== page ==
But a shrewd politician and tactician that he is, Ngoma is said to have retreated to lick his wounds and also come up with a more coherent and reinvigorated campaign. Since he lost the election in 2004, Ngoma has made no secret of the fact that he will challenge Masisi in 2009.

However, complications have arisen with the emergence of former district commissioner Sylvia Muzila as another contender. Political pundits say that Muzila managed to garner an advantage for herself because of her public service and HIV-Aids activities while she was District Commissioner. She is said to have endeared herself to the poor people of Francistown West because of her HIV-Aids and humanitarian projects.

But it has emerged that, like any other parliamentary election, the victor will be determined by the number of councilors that he has on his side. While Masisi used to enjoy a lot of support in the constituency, he has, over time, lost some of his council allies to the other two contenders and his situation is not as solid as it was in the past.

Masisi lost a valuable ally in former mayor Ignatius Moswaane to Peter Ngoma and Otto Masogo, who crossed floors to Muzila’s camp after Masisi failed to thank him with a special nomination council seat after he helped him retain his parliamentary seat against Ngoma in 2004. Pundits have said that this has, to some extent, evened the play ground.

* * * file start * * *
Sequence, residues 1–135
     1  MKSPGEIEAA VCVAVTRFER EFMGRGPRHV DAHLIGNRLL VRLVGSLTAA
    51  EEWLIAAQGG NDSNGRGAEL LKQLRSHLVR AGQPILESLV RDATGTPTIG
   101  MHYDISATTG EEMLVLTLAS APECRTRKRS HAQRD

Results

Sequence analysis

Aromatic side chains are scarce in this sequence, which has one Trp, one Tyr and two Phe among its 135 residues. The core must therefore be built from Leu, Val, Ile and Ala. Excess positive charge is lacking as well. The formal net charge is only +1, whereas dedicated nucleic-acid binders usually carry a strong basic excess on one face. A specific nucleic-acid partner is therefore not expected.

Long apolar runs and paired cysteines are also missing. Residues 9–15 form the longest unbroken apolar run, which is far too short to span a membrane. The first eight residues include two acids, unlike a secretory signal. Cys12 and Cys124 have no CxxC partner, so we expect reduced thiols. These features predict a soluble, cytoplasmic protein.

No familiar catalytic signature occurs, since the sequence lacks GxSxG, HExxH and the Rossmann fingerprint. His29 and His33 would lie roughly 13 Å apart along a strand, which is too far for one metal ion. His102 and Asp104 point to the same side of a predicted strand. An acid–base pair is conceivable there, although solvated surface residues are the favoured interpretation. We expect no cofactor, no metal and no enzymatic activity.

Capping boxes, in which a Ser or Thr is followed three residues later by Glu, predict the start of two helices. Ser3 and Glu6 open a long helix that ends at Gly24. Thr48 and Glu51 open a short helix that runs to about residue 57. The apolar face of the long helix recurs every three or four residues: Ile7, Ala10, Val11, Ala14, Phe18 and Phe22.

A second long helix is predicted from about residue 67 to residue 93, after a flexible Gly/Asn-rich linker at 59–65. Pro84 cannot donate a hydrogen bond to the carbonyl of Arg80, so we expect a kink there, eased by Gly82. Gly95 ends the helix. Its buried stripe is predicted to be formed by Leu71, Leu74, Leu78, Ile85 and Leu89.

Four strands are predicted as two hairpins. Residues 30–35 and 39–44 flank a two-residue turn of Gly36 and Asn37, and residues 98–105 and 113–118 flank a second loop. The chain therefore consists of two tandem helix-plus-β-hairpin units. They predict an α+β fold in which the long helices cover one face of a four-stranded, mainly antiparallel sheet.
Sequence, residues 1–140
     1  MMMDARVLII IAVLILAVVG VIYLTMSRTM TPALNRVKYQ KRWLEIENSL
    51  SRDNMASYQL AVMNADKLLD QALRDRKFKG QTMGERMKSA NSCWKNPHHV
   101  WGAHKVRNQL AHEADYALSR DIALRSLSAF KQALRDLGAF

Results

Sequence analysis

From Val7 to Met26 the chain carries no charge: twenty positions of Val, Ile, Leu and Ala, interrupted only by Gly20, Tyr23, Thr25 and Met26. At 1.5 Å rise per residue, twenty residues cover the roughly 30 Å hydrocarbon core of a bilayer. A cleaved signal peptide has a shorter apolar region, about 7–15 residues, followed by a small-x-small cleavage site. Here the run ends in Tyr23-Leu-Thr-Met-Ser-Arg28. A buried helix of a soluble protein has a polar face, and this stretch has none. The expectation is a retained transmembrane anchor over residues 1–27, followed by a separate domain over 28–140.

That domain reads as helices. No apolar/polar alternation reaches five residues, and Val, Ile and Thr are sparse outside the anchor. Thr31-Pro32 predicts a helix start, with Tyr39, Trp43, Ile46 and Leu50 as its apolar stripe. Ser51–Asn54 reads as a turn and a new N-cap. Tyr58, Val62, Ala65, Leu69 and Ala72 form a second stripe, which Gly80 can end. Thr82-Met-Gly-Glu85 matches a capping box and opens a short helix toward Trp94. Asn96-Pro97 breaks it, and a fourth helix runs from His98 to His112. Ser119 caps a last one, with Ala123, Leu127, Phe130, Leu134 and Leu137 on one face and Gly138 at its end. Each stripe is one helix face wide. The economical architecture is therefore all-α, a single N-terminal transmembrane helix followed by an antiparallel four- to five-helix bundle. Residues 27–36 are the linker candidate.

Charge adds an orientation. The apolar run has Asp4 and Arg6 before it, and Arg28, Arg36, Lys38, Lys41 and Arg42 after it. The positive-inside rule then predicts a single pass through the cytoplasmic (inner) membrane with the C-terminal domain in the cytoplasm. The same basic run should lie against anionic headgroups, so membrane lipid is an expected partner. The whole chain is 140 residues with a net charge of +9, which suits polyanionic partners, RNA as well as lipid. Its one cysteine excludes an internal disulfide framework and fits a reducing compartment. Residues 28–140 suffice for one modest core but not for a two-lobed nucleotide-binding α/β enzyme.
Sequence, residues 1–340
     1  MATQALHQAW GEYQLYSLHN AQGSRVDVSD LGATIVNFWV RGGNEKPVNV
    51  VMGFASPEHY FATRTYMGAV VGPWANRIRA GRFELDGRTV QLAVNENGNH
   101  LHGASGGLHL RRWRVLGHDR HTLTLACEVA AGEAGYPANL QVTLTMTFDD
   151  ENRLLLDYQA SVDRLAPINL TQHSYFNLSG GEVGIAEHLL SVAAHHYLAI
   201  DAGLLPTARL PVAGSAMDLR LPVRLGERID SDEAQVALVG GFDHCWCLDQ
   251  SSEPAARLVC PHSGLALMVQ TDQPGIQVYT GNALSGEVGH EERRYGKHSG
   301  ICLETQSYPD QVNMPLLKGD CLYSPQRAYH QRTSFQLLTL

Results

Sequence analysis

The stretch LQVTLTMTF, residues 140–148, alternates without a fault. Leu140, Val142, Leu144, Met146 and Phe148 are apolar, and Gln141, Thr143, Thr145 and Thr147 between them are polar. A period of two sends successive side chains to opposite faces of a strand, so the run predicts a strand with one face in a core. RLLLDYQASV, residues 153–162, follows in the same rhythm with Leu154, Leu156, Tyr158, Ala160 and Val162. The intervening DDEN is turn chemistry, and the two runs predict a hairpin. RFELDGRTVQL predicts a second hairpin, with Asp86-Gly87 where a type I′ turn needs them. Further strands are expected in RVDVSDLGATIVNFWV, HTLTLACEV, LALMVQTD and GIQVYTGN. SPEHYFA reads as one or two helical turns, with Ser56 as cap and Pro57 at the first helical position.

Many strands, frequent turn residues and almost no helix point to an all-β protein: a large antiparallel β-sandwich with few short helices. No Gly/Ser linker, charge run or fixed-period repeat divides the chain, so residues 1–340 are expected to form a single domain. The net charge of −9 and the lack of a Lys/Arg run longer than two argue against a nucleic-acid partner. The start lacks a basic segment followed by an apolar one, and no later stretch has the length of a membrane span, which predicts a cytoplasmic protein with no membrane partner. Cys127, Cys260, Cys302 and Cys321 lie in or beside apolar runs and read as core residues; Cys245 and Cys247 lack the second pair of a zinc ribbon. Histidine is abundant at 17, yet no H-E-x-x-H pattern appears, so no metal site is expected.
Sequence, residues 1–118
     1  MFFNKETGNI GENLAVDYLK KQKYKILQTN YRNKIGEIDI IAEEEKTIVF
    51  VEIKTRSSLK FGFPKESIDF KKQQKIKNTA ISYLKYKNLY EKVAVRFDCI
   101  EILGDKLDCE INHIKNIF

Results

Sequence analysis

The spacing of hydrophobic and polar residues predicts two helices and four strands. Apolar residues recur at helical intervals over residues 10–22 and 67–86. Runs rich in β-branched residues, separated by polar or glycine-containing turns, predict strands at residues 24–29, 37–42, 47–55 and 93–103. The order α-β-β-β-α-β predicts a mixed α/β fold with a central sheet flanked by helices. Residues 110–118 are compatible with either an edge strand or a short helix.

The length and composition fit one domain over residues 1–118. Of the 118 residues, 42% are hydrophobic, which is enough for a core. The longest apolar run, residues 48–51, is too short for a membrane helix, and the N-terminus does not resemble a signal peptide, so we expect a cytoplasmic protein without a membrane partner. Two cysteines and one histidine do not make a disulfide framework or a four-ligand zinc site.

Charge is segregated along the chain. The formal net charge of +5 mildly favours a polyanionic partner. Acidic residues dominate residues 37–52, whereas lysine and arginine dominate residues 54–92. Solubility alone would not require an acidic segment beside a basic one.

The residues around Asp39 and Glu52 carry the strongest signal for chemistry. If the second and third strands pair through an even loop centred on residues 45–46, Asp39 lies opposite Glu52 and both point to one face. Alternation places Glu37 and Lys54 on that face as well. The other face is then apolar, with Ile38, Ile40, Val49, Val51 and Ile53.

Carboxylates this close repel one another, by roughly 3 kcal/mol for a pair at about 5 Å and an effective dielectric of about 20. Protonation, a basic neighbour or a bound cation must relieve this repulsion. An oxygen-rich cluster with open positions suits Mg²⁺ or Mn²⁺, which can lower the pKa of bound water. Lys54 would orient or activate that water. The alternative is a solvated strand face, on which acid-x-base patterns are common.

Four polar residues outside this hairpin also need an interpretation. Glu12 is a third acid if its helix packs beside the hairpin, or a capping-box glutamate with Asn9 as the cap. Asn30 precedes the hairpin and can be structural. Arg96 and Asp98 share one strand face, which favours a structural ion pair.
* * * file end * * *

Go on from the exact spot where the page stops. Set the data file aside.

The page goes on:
At the same time, incumbent councilors are also holding on for dear life as they are facing strong challenges from some contestants.

It has emerged that five council candidates from Botsalano Ward in Masisi’s constituency recently raised complaints with the branch committee, accusing others of voter trafficking.
Information reaching The Sunday Standard indicates that the five council candidates have raised complaints with the branch committee that there are over 50 registered BDP members on the voters roll who are not residents of Botsalano Ward. They have appealed to the branch committee to assist in identifying the residents and correcting the glaring mishap.
It has also emerged that some of the residents in question also appear in the voters’ roll of other areas like Francistown South.

As the bickering continues, there are fears that the 2009 bulela ditswe primaries will create a major rift among the BDP faithful in Francistown West.